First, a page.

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The following C coding rules relate to certain keywords of the language that should be disfavored to reduce bugs:

Rule 1.7.a.) The auto keyword shall not be used.

Rule 1.7.b.) The register keyword shall not be used.

Rule 1.7.c.) The goto keyword shall not be used.

Rule 1.7.d.) The continue keyword shall not be used.

Rule 1.7.e.) The break keyword shall not be used outside of a switch statement.


The auto keyword is an unnecessary historical feature of the language.

The other disfavored keywords of the C language do sometimes serve a niche purpose, but have been found to too often create more headaches than value. Specifically, the register keyword presumes the programmer is smarter than the compiler.

Use of any of the keywords goto, continue, and break to create unconditional jumps too often results in spaghetti code.




The presence of these keywords in new or modified source code shall be detected and reported via an automated tool at each build.


I completely agree with the rules discouraging auto and register use. Those keywords had meaning mostly in ye olden times, when compilers needed to be "driven".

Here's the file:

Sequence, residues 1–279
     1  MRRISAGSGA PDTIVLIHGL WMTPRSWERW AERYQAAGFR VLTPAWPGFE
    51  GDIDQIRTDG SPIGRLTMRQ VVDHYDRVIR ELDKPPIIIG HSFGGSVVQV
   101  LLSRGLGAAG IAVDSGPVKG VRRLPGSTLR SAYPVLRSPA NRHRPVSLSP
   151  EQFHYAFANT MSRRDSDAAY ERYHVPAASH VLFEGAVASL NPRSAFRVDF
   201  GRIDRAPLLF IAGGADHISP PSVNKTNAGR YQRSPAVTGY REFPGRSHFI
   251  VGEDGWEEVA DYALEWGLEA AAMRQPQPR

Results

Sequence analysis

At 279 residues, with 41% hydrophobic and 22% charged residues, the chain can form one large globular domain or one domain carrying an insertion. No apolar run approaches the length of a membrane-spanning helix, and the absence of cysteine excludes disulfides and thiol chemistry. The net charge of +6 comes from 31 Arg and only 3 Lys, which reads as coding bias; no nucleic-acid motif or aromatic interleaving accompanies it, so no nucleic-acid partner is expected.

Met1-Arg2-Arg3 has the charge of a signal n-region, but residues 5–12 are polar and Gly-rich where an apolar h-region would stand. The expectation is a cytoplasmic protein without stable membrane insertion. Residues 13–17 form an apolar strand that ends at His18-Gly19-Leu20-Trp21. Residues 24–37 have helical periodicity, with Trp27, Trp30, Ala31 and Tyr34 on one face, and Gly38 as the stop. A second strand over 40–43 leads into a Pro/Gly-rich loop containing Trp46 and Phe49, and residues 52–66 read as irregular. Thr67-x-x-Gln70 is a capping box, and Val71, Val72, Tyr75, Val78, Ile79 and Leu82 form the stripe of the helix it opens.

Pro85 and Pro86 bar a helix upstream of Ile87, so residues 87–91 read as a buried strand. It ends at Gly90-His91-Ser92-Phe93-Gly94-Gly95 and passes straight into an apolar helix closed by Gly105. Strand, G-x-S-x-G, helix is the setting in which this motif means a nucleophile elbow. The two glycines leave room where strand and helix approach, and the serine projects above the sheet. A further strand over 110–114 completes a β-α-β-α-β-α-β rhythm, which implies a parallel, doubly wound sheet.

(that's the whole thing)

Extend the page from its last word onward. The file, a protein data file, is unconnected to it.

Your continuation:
However, I find the approach of banning the use of continue and break a bit extreme.

The danger of goto is clear: the potential for an unconditional jump can break any structure of programming (nested loops and multi-level blocks, but also permit jumping in/out the middle of any block) that could ultimately lead to an unexpected behavior, depending on compiler/environment used. Also, use of goto breaks the structured programming paradigm.

The risks with continue and break are more nuanced. Perhaps their use is more a matter of readability vs. the proven dangers of goto. Anyway even readability can be questioned. Removing a break statement may mean adding more control structures or variables, to rephrase the containing loop control statement test condition. I just go figure a while loop with a handful of different break cases can become an overcomplex bunch of nested if statements plus an overgrown multiple test condition.

Personally, I think that continue and break should be suggested as possibly to avoid where they compromise readability but not as to be totally avoided at all.

Note that I do agree with related rule 6.2.c about having only a single return per function.

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